The Digital Equity Act will deploy $2.75 billion in grants to states. Over five years, states will apply for and deploy funds to advance digital literacy and digital skill development, promote digital equity and access, and help workers and businesses adapt to the rapidly changing digital economy.
by Amanda Winters
On August 24-25, the National Governors Association Center for Best Practices (NGA Center), in partnership with the American Association of Colleges and Universities (AAC&U) held a meeting in Washington, DC, focused on State Postsecondary Education’s Role in Digital Equity Planning. This event focused on one critical stakeholder group as a part of an overall NGA Center strategy to support states in realizing digital equity for their residents through strategic leveraging of the federal digital equity investment. This convening brought together 12 state teams that included Governors’ policy advisors, infrastructure leads, broadband advisors, postsecondary agency staff and institutional leaders. In creating this intersectional learning space, the NGA Center also collaborated with federal partners from several offices across the US Department of Education and the Department of Commerce.
The Digital Equity Act (DEA), a provision of the Infrastructure Investment and Jobs Act, will deploy $2.75 billion in grants to states. Over five years, states will apply for and deploy funds to advance digital literacy and digital skill development, promote digital equity and access, and help workers and businesses adapt to the rapidly changing digital economy. The grant programs built into the Act aim to ensure that all communities can access and use affordable, reliable high-speed internet to meet their needs and improve their lives.
In order to support states in opening access points for digital inclusion, the DEA has identified covered populations for priority within program development. These covered populations include:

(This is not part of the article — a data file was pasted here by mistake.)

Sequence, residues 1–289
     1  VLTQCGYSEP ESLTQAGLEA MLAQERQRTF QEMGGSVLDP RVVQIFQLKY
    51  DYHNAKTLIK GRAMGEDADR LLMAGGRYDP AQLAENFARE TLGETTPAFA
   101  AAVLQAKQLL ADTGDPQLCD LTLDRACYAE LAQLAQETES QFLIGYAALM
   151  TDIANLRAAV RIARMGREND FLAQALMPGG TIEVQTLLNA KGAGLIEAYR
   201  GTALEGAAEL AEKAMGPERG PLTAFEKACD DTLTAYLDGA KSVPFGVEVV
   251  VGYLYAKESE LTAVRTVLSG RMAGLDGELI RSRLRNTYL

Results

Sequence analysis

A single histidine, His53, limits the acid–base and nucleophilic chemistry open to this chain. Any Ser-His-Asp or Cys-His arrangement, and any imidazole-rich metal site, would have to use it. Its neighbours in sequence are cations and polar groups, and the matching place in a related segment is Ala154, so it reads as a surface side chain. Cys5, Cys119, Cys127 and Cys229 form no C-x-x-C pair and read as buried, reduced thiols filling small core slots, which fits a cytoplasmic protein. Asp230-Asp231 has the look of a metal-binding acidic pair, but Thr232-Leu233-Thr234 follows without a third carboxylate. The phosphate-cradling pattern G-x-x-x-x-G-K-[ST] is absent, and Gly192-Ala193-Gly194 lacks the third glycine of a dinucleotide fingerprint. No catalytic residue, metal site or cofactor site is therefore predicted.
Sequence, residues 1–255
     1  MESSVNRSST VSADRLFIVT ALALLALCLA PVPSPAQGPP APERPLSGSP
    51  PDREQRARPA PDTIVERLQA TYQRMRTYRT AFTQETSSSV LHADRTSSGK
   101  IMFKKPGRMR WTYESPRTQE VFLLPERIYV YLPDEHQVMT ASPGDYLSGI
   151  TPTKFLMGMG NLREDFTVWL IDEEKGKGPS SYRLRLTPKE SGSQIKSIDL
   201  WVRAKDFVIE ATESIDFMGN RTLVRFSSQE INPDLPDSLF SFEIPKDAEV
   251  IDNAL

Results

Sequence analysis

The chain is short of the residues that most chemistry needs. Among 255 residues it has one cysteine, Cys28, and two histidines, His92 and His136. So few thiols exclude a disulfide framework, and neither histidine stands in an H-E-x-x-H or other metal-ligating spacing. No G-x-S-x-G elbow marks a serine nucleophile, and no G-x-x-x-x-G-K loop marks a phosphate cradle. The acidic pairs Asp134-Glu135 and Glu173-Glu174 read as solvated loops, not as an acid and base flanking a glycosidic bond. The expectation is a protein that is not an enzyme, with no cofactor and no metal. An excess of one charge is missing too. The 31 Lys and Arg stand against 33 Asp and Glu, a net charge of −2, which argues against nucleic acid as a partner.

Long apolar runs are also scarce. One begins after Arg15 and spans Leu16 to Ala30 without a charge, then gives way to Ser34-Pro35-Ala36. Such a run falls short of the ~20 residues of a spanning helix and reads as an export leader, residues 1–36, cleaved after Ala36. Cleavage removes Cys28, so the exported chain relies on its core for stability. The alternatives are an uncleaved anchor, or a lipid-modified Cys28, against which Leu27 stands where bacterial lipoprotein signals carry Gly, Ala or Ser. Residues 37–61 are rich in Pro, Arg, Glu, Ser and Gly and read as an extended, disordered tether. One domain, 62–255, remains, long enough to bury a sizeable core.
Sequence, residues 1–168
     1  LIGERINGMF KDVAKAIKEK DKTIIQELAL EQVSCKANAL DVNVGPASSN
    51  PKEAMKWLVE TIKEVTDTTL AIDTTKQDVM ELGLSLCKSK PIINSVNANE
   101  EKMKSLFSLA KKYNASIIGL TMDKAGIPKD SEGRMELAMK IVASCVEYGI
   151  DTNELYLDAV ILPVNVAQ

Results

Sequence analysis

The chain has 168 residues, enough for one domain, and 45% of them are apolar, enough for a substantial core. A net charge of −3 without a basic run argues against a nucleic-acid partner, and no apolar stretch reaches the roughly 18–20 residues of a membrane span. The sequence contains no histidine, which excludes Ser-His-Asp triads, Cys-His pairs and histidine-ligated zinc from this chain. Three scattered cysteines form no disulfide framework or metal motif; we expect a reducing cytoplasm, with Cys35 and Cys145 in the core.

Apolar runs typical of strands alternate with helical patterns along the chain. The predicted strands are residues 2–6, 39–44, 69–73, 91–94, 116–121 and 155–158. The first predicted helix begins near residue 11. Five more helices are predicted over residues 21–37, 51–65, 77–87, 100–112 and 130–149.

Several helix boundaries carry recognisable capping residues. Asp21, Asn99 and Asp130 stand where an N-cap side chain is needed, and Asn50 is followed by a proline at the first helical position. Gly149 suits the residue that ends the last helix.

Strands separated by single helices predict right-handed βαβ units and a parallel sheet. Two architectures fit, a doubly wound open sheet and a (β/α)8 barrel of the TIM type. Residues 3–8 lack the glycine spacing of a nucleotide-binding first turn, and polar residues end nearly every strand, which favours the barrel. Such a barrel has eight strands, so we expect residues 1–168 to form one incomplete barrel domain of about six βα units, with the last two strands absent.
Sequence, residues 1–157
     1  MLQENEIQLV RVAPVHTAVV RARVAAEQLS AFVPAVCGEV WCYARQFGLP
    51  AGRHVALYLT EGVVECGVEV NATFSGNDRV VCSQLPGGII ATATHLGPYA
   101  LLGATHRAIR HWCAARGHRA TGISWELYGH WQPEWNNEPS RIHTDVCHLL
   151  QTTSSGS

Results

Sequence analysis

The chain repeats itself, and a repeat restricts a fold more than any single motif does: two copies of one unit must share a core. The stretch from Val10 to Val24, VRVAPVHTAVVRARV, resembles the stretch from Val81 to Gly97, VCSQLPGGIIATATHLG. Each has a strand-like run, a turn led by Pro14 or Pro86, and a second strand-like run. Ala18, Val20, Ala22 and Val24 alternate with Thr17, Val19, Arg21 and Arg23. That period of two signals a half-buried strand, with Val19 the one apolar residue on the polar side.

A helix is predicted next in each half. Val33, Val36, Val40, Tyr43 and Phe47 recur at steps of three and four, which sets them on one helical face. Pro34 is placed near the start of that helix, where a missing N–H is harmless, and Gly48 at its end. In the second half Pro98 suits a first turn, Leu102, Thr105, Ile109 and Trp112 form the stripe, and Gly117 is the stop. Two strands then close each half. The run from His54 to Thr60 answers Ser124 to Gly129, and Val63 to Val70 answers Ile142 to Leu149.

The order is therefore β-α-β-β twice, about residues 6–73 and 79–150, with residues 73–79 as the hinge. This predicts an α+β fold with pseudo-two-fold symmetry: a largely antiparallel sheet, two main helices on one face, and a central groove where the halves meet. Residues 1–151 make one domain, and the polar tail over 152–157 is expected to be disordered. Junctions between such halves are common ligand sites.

- Individuals living in households with incomes at or below 150% of the poverty line
- Individuals 60 years of age or older
- Individuals living with one or more disabilities
- Individuals with barriers to the English language (including English language learners and those with low literacy)
- Members of racial and ethnic minority groups
- Individuals residing in rural areas
- Individuals incarcerated in a non-federal correctional facility
These groups represent key target populations for state postsecondary systems as they seek to increase opportunity pathways and prepare the future workforce. The recent NGA event was structured to support states in leveraging their postsecondary assets. The 12 states represented had the opportunity to engage with federal partners, hear from national organizations who serve target populations and create action steps on how best to utilize postsecondary systems in advancing digital equity.
$2.75 billion will be distributed through the Digital Equity Act Programs to promote digital inclusion and equity to ensure that all individuals and communities have the opportunity to acquire the same skills, technology and capacity needed to engage in the n ation’s digital economy. These programs include the State Digital Equity Planning Grant Program, a $60 million formula grant program for states and territories to develop digital equity plans; the State Digital Equity Capacity Grant Program, a $1.44 billion formula grant program for states and territories to implement digital equity projects and support the implementation of digital equity plans; and the Digital Equity Competitive Grant Program, a $1.25 billion discretionary grant program for specific types of political subdivisions to implement digital equity projects.
This convening was supported by the Siemens Foundation through the NGA State Equitable Recovery Coalition action lab series. This was a part of a continuing effort to support Governors’ offices in state planning and program development connected to Digital Equity. Several NGA Center policy teams are working across state constituencies to map the ecosystem of stakeholders to increase access and digital skill building for the DEA covered population groups. Current resources connected to these efforts can be found at the NGA IIJA Implementation resource page.